Awards and nominations[edit]

Year Award Work Category Result
2003 Web Cartoonists' Choice Awards Saturday Morning Breakfast Cereal Outstanding Short Form Comic Nominated[6]
2006 Web Cartoonists' Choice Awards Saturday Morning Breakfast Cereal Outstanding Single Panel Comic Won[4]
2007 Web Cartoonists' Choice Awards Saturday Morning Breakfast Cereal Outstanding Single Panel Comic Won[5]
2008 Web Cartoonists' Choice Awards Saturday Morning Breakfast Cereal Outstanding Single Panel Comic Nominated[7]

References[edit]

  1. ^ Weinersmith, Zach (September 5, 2002). "1st SMBC Comic". Saturday Morning Breakfast Cereal (www.smbc-comics.com). Retrieved February 22, 2012. 
  2. ^ Weinersmith, Zach (January 28, 2002). "First "Classic SMBC" Strip". Saturday Morning Breakfast Cereal (www.smbc-comics.com). Retrieved February 22, 2012. 
  3. ^ Brin, David (June 7, 2011). "My Top Choices in Science-Oriented WebComics". Institute for Ethics and Emerging Technologies (ieet.org). Retrieved 6 February 2012. 
  4. ^ a b c Web Cartoonists' Choice Awards; Presenter: Josh Rosen (2006). "Outstanding Single Panel Comic by Josh Rosen of Edwitch". 2006 Ceremony. Retrieved February 21, 2012. 
  5. ^ a b c Web Cartoonists' Choice Awards (2007). "The 2007 Cartoonist's Choice Awards". 2007 Ceremony. Retrieved February 21, 2012. 
  6. ^ a b c Web Cartoonists' Choice Awards (2003). "The 2003 Cartoonist's Awards". 2003 Ceremony. Retrieved February 21, 2012. 
  7. ^ a b c Web Cartoonists' Choice Awards (2003). "The Web Cartoonists' Choice Awards - 2008 List of Winners & Finalists". 2008 Ceremony. Retrieved February 21, 2012. 
  8. ^ Weinersmith, Zach (2012). "Hidden Archive". Saturday Morning Breakfast Cereal. Retrieved February 22, 2012. 
  9. ^ Weinersmith, Zach (September 22, 2008). "Comic for September 22, 2008". Saturday Morning Breakfast Cereal (www.smbc-comics.com). Retrieved February 22, 2012.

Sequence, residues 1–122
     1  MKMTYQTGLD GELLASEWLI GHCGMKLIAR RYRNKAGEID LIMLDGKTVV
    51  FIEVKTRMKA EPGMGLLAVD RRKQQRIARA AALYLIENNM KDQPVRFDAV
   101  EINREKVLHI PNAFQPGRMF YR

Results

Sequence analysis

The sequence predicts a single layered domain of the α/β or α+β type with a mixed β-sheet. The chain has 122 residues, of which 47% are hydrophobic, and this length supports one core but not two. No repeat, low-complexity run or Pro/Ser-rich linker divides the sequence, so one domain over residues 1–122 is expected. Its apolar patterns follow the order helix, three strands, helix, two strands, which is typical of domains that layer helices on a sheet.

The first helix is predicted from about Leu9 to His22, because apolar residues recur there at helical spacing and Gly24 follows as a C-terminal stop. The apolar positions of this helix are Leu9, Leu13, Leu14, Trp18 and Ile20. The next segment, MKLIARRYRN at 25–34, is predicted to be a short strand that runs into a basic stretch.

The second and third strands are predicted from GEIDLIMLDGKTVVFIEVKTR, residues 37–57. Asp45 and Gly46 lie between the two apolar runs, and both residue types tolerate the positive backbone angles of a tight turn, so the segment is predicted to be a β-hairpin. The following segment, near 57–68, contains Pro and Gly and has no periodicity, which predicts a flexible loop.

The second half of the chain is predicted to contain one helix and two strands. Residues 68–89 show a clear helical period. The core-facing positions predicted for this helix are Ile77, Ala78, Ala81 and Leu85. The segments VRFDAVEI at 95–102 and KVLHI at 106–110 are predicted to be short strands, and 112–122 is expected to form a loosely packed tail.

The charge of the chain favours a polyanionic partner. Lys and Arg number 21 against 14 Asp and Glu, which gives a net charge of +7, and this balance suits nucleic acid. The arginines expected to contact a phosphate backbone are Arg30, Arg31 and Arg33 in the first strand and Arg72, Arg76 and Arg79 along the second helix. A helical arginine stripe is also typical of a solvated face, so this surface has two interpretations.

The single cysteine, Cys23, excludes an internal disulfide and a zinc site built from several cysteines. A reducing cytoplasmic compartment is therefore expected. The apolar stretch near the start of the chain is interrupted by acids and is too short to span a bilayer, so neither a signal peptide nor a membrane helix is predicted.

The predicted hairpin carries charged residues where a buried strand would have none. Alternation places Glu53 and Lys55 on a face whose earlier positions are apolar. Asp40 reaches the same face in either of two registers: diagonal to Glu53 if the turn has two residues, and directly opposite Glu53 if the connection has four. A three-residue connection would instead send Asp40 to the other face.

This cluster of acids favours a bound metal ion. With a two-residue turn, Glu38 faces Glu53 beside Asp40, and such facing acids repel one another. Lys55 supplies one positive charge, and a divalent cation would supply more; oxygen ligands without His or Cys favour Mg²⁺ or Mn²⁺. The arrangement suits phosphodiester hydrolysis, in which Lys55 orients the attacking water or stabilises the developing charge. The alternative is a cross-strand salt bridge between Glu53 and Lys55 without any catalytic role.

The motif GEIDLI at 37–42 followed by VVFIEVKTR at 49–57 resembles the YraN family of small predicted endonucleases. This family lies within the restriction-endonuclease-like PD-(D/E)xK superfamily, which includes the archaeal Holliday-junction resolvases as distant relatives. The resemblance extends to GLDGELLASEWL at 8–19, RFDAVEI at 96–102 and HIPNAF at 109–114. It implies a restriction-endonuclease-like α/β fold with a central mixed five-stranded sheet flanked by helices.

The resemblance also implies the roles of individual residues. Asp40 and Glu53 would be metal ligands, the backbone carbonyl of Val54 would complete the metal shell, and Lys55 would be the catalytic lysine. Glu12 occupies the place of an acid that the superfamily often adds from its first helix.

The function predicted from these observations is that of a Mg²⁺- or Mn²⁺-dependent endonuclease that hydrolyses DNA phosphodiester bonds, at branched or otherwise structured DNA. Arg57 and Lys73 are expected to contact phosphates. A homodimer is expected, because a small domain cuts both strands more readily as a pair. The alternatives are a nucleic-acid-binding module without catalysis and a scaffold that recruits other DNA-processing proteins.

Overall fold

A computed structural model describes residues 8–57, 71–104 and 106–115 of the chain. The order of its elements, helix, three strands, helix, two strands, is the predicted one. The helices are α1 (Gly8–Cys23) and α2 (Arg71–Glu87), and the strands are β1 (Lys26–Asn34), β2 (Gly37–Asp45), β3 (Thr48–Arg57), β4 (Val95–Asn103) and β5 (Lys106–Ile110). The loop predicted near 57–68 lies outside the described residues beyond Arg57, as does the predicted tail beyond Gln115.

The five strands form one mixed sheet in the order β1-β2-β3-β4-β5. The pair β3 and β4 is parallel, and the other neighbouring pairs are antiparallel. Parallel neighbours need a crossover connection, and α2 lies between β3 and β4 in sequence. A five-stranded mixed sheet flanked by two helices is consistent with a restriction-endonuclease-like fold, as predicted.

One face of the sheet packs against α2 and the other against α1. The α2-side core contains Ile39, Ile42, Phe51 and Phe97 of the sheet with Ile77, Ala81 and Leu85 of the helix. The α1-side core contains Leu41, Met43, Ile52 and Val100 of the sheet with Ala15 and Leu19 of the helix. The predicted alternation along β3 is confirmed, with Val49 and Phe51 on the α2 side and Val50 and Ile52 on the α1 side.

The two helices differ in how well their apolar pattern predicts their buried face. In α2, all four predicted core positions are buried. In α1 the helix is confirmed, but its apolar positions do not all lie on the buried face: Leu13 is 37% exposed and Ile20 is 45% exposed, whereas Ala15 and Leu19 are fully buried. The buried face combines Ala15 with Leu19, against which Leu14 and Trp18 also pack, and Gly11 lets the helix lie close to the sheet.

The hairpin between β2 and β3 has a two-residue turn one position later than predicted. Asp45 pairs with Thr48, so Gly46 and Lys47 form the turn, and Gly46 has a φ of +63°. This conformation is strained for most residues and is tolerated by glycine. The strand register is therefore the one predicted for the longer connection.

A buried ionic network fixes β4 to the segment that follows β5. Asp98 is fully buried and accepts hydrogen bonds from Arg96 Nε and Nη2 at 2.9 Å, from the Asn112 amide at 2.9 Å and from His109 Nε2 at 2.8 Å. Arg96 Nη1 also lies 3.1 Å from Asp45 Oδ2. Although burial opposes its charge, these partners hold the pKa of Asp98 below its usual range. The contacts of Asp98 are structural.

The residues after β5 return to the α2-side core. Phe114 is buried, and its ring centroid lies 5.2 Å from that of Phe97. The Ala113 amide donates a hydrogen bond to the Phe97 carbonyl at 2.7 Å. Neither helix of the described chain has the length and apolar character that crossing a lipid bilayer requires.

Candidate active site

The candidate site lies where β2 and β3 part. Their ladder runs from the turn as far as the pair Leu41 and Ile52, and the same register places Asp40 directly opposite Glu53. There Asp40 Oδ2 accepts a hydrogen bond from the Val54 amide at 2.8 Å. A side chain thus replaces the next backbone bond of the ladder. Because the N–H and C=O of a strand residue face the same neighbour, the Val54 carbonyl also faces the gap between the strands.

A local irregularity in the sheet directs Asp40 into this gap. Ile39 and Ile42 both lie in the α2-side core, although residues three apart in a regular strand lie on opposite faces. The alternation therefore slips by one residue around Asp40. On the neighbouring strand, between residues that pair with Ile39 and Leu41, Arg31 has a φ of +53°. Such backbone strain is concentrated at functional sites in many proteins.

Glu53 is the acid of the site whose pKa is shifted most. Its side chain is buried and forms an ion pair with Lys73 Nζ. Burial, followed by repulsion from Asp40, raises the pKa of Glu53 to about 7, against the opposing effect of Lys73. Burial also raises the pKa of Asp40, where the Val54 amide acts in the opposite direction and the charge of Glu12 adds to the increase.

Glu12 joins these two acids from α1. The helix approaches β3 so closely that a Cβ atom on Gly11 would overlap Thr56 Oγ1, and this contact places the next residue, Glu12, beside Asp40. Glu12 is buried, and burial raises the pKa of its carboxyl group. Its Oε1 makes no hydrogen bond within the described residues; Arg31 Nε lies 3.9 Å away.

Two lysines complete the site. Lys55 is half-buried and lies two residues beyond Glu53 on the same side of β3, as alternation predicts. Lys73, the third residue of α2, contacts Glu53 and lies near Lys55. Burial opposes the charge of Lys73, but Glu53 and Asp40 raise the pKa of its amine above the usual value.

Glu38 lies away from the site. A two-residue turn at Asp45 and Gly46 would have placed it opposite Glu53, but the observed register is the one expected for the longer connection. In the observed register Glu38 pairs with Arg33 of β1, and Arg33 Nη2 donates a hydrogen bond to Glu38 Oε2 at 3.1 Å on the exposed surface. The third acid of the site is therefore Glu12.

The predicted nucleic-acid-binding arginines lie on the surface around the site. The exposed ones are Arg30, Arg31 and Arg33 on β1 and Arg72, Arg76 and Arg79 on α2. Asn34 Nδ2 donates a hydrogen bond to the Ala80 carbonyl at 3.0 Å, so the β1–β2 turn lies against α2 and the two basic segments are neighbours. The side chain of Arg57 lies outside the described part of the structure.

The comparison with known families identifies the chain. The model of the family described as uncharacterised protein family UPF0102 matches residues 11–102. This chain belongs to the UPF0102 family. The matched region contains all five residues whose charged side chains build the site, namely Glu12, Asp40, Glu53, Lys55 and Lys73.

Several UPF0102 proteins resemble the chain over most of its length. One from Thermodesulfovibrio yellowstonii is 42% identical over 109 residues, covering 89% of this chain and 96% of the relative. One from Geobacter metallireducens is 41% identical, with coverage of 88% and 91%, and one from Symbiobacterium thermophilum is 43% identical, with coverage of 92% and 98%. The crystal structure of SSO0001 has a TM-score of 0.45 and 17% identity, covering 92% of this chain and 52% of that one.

10. ^ Weinersmith, Zach (November 27, 2006). "Comic for November 27, 2006". Saturday Morning Breakfast Cereal (www.smbc-comics.com). Retrieved February 22, 2012. 
  11. ^ "SMBC Theater". YouTube. Retrieved 18 February 2014. 
  12. ^ F., G. (December 29, 2010). "Online cartoons: Pease porridge hot". The Economist (www.economics.com). 
  13. ^ Stanley, Caroline (January 12, 2011). "Just a Thought About Silly Impressions During Sex". Glamour (www.glamour.com). Retrieved February 22, 2012. 
  14. ^ Doctorow, Cory (August 30, 2009). "How Science Reporting Works". BoingBoing (boingboing.net). Retrieved February 21, 2012. 
  15. ^ Plait, Phil (March 18, 2009). "Always look for the mundane explanation". Bad Astronomy (Discover Magazine). Retrieved February 21, 2012. 
  16. ^ Edelman, Scott (January 24, 2011). "Image of the Day: How the Cylons were REALLY born". Blastr (SyFy). Retrieved February 21, 2012. 
  17. ^ "Out of the Blue - Blue's News Story". Blue's News (www.bluesnews.com). September 17, 2010. Retrieved February 21, 2012. 
  18. ^ Miller, Ross (November 5, 2005). "Webcomic Roundup: October 30 - November 5, 2005". Joystiq (www.joystiq.com). Retrieved February 21, 2012. 
  19. ^ Dubner, Stephen J. (June 18, 2010). "Reliably Predicting the Future". Freakonomics. Retrieved February 21, 2012. 
  20. ^ WizToast (December 18, 2006). "An Open Letter to Sarah Silverman". YouTube (www.youtube.com). Retrieved February 22, 2012. 
  21. ^ Strunk, Trevor; Michael Taggart (July 19, 2010). "New Directions: An Interview With Zach Weiner". Kirby Dots. Retrieved February 22, 2012. 

Further reading[edit]

  • Marcotte, John (April 16, 2010). "Interview". Badmouth (www.badmouth.net). 

External links[edit]